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Producer/engineer Anthony “Rocky” Gallo came up in the fast-paced New York music scene, working on multi-platinum selling albums with award-winning artists like John Legend, Common, Norah Jones, Gavin DeGraw, Cat Power, Mos Def, Carly Simon, Jon Bon Jovi, Perry Farrell, and Travis Barker, to name a few. After a long stint as Chief Engineer at The Cutting Room studios, he went freelance and has since set up his own successful facility–the Brooklyn-based Virtue and Vice Studios.
We sat down with Anthony recently to talk about his career, his relationship with Vintage King, what he looks for when he buys new gear, and his plans for the future of his studio.
Take us back to when you were setting up Virtue and Vice–what was your vision for the studio?
The idea of owning a recording studio was the last thing on my mind back then–it was just about the desire to make records how I wanted to, to work the way I thought would be best, and to not be under the management of a bigger studio owner. I had been doing pop music, R&B, and hip-hop, and as much as I loved it, I grew up listening to rock music.
I really got a taste of working on it at the tail end of my time at the place I was at previously, while working on the KEXP Live In-Studio performances. There were these incredible artists–real instruments, musicians performing together–and that solidified the thing I wanted to solely work on. That was the catalyst, along with the fact that it was time to move on from the place I was at, and the desire to make music that involved instruments. I'm not opposed to digital or software stuff, I just feel like the challenge is much greater with instruments and that's kind of what has always got me going as far as the recording process goes–the challenge.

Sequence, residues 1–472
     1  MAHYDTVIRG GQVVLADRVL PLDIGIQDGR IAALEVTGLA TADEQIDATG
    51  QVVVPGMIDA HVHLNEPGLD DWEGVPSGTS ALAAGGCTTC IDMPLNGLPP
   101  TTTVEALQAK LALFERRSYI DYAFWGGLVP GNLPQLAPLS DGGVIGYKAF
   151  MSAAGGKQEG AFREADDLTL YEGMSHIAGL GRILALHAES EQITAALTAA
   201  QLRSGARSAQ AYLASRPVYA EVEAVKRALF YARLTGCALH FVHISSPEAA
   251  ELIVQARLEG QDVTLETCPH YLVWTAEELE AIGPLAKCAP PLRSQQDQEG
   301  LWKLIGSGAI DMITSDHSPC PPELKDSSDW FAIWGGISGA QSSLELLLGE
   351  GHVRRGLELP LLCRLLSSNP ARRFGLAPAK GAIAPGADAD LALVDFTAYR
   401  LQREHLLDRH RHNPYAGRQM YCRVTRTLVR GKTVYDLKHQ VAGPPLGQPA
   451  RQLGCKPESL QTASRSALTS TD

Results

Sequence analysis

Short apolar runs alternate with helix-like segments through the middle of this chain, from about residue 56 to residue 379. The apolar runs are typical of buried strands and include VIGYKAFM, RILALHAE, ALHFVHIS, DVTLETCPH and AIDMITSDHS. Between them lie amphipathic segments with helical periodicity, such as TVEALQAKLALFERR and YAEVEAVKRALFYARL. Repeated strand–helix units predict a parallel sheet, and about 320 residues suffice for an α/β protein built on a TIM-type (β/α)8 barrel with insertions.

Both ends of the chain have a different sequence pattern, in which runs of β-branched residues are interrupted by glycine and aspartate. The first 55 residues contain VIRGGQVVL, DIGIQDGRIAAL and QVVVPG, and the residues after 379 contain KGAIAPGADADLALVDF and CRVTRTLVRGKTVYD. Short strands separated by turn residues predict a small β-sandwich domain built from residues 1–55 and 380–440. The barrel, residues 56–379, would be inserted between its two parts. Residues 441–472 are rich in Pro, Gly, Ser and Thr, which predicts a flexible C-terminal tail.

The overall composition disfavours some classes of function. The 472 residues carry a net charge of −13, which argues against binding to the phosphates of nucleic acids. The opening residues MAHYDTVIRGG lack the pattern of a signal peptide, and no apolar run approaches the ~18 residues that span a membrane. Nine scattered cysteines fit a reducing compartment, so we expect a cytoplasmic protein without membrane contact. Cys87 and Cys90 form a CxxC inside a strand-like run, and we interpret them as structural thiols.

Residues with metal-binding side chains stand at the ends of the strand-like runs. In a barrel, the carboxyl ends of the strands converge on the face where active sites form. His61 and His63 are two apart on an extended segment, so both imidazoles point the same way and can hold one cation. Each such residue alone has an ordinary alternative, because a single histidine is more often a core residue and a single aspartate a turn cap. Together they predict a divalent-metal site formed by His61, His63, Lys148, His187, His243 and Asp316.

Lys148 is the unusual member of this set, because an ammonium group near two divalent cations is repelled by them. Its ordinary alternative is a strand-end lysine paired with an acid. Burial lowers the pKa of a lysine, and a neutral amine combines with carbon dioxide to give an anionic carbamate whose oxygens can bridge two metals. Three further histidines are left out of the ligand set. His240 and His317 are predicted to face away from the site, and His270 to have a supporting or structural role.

The kind of artist that is drawn to Virtue and Vice Studios is a band or an artist that has, not to sound cliché, the organic sound that's going to come out of an instrument or themselves. It’s artists that want a low-pressure situation with high-quality results–that's maybe the best way to put it.
You’ve worked with so many memorable artists–which sessions and moments stand out for you?
I’d say one moment that really stands out for me was with Cigarettes After Sex–they’re one of the groups that I've been working with recently that has gotten a lot of attention. There was a moment during the making of the first record where one of them picked up my Telecaster and began playing a Beatles song we were talking about and everyone was singing along and doing harmony… they were kind of a quiet band, not too much talking, so that one moment I found really special and there have been so many like that.
Also, working with people that you grew up listening to–you meet them and they're wonderful human beings… It’s hard to go through the list and pick them out but there have been some moments where you're just baffled by it and at a loss for words. I know I should be putting them all into some kind of catalog, like a written-down thing, but it's kind of hard to describe the emotions that you get from them.
How did you first become aware of Vintage King and what was your first experience working with us?